ENGLAND'S GLORY (1881)
Endeavours were made to secure the iron by means of toms made from spare spars and studding sail booms. The toms, however, failed to hold the mass of moving iron, and as the ship could not be made seaworthy or safe a course was set for Mauritius, where the cargo was discharged. Three weeks later the barque left Mauritius and eventually arrived at Nelson, where part of the cargo was discharged. She then sailed for Bluff, but encountered very bad weather off the West Coast.
During a heavy gale, when the barque was hove to, the iron again shifted, carrying away the midship stanchions as it rolled from side to side. As there was great danger to the vessel, the England's Glory was put before the wind and a course was set for Foveaux Strait.
The barque arrived off Bluff Harbour on the morning of November 7, and, the weather began fine, the master stood close in to Look-out Point to take on board the pilot. On the latter taking charge, the helm was put hard up and the headsails trimmed, but the vessel off with a hawser from the quarter, but failed, and as she was making water rapidly the crew launched all the boats and got their effects away. A few minutes afterwards, the barque listed heavily to starboard, all her beam ends being under water. She was dry at low water, but the sea was fully exposed to the sea in the strait, it was realised that she must break up during the first gale.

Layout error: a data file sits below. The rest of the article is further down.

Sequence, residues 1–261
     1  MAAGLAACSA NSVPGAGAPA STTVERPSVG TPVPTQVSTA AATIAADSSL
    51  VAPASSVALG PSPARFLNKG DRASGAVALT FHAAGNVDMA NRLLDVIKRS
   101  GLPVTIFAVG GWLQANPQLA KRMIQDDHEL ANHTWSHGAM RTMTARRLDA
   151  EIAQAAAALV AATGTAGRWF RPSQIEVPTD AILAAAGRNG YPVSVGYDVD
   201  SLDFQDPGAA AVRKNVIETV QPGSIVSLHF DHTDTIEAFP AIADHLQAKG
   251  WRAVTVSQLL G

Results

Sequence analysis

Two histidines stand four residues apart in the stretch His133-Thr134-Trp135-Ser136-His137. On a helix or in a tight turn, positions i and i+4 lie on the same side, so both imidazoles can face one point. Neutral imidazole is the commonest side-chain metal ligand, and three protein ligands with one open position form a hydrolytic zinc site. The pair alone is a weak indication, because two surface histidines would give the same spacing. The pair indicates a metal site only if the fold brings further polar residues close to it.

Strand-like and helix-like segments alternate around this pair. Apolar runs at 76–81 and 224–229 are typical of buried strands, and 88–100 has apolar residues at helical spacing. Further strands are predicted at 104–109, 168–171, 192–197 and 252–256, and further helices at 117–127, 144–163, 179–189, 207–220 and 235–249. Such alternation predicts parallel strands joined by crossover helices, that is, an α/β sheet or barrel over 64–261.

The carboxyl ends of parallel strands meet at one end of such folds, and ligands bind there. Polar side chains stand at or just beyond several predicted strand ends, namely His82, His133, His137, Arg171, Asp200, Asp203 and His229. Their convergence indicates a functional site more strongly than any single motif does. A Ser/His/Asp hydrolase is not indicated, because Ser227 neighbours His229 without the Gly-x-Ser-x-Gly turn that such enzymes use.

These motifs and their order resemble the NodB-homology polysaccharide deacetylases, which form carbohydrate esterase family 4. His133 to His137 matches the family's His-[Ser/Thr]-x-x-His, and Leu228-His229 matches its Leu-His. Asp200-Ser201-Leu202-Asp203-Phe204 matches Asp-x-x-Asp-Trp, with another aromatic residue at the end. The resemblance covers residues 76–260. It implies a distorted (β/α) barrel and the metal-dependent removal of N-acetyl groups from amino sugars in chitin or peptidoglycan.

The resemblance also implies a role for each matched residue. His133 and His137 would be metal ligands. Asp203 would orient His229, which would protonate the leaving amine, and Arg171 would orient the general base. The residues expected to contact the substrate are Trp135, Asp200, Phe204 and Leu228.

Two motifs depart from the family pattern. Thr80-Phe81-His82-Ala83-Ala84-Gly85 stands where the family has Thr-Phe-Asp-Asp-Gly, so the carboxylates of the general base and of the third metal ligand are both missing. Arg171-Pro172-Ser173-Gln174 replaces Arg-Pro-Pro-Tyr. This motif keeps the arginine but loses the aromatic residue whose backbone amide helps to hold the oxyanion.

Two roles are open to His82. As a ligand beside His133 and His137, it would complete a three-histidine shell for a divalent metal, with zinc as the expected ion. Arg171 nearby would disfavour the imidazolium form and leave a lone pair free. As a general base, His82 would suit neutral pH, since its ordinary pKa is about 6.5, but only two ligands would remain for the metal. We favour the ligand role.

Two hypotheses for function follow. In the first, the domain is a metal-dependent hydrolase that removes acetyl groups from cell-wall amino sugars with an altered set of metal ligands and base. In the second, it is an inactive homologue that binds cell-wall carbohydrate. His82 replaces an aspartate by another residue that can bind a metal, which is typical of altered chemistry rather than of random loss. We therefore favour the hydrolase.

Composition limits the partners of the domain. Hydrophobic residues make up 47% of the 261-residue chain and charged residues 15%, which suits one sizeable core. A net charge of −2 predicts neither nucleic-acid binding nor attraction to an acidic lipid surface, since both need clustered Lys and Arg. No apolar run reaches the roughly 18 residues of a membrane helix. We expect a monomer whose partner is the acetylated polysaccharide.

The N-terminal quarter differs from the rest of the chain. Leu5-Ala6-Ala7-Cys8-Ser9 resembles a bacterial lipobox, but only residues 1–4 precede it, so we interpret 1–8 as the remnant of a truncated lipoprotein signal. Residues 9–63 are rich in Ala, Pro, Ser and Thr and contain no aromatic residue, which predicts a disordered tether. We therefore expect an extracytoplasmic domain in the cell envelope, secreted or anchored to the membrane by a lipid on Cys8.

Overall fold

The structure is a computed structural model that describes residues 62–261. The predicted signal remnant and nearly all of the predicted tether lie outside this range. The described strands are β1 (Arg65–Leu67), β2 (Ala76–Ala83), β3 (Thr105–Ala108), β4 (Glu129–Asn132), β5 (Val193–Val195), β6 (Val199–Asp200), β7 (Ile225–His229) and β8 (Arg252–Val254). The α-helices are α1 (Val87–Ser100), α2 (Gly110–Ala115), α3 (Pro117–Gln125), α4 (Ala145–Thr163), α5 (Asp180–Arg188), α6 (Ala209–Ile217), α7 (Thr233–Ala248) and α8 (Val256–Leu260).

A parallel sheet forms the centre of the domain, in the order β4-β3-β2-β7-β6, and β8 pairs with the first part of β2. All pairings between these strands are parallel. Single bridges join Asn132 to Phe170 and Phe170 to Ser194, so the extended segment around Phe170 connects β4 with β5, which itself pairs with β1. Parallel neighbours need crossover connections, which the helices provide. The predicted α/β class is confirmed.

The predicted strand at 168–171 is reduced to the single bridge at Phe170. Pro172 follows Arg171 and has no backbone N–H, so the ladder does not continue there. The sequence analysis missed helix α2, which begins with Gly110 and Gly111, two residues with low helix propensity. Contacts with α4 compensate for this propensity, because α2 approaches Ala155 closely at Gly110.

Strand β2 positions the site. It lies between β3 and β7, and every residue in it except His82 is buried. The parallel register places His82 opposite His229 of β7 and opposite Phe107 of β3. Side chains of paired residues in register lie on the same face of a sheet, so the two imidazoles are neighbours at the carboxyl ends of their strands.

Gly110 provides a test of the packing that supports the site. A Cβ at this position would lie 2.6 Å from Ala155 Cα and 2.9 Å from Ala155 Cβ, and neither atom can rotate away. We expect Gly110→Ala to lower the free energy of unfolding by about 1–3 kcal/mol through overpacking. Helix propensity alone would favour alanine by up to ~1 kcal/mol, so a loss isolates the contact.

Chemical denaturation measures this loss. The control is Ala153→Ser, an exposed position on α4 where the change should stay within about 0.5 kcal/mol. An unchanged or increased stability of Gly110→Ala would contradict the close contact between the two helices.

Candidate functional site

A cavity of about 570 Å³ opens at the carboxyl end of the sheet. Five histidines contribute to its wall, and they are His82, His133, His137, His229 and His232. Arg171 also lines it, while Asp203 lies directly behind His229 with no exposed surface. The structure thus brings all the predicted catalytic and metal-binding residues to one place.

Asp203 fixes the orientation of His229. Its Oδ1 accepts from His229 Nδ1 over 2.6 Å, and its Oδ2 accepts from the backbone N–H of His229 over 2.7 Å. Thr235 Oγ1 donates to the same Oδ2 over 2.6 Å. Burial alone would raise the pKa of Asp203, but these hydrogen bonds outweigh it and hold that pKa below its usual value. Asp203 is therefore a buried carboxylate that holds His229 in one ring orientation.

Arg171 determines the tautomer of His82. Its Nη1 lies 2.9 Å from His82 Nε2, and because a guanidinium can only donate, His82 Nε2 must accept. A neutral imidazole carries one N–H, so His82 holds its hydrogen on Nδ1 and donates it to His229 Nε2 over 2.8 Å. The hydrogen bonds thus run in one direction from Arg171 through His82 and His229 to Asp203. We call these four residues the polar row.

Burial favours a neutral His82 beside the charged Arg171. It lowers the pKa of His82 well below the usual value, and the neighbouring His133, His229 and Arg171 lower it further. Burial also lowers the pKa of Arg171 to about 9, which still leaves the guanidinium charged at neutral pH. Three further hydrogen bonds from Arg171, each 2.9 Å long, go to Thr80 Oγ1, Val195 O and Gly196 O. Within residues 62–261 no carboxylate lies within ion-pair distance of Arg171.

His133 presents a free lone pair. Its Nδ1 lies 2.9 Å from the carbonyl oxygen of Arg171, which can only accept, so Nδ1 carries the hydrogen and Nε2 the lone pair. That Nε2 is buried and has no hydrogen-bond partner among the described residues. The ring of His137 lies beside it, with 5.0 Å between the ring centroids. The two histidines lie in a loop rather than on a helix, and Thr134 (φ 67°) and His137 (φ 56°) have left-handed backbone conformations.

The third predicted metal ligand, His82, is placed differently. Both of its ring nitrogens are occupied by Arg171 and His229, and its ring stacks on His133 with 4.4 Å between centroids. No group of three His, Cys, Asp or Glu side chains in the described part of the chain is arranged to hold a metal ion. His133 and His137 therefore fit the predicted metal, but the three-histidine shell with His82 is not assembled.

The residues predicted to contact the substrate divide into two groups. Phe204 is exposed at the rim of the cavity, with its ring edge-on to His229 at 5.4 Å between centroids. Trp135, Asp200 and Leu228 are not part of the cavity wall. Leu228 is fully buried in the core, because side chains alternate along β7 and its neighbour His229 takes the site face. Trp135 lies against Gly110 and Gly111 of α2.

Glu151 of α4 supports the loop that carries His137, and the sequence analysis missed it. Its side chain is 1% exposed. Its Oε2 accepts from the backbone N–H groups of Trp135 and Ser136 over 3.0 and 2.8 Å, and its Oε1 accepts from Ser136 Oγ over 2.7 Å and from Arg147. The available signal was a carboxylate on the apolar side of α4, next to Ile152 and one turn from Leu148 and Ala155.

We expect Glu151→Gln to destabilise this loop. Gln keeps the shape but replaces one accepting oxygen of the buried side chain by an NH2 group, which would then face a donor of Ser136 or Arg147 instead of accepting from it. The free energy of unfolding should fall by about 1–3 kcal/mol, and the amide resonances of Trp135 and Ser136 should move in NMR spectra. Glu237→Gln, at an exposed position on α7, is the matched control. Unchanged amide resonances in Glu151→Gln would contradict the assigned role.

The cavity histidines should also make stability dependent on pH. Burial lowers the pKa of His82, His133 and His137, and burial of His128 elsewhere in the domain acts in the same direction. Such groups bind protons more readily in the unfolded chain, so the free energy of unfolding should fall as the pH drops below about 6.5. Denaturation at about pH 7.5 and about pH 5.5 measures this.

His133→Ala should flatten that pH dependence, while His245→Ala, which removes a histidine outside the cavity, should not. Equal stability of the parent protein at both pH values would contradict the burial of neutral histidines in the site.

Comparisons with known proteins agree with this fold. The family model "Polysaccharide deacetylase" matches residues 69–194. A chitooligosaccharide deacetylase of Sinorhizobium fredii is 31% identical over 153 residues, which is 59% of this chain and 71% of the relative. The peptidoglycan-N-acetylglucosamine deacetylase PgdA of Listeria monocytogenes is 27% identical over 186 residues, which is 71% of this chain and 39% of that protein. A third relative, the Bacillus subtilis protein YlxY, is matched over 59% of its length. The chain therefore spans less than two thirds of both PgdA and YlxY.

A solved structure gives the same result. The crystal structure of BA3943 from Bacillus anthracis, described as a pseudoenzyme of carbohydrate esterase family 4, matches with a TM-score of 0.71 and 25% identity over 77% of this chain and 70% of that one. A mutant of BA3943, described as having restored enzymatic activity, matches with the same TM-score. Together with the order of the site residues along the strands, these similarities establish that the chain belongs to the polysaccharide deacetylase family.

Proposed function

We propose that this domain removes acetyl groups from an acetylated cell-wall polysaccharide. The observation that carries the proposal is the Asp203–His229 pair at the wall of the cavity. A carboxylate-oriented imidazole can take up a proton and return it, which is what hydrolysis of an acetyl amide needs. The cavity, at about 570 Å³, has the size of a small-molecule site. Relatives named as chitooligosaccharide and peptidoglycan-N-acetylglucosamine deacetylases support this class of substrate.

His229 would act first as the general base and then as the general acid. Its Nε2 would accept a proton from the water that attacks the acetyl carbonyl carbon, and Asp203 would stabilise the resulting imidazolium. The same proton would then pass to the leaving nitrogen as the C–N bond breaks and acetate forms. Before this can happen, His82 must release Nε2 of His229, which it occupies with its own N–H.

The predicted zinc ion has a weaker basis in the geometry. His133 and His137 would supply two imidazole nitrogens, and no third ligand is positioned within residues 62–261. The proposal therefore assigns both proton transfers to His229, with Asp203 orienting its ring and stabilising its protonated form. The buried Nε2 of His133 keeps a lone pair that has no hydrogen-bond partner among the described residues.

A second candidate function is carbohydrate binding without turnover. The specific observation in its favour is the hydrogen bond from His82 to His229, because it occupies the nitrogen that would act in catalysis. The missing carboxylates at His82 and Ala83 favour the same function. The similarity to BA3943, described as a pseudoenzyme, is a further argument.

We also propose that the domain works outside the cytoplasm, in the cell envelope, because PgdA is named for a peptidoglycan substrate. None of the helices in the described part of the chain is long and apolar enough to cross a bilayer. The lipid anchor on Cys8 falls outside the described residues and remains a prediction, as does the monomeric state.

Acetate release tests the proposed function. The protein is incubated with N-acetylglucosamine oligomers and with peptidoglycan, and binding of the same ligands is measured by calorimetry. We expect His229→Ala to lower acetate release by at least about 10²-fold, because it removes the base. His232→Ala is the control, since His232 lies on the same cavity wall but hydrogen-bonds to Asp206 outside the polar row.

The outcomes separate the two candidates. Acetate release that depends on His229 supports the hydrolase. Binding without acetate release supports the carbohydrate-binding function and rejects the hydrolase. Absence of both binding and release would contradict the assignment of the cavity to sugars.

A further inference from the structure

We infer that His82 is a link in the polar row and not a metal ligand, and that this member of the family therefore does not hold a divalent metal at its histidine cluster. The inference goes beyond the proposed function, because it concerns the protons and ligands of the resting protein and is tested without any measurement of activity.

Three days after the barque had struck in was reported that a good deal of the cargo had been saved, but that a southerly gale was blowing. On the night of November 12 a gale and a heavy sea effected the complete destruction of the England's Glory, the hull breaking into three parts, parting at the breaks of the topgallant forecastle and poop.
At the Court of Inquiry the pilot said he could only account for the casualty by the vessel not paying off, and supposed that there was something wrong with the steering gear. The junior pilot said he believed that a counter-current running along the shore prevented the barque's head from paying off with the flood tide and wind on the port quarter, although to him the rudder did not appear to be hard over. The court found that the casualty was caused by an error of judgement on the part of the master in altering the ship's course so as to pick up the pilot boat, and thus bringing her too close inshore and within the influence of the eddies with her head inshore. When he failed to pay off, as a last resource her anchors should have been let go.
INGRAM C W N (1990) "New Zealand Shipwrecks - 195 Years of Disasters at Sea", Beckett Books. pg 204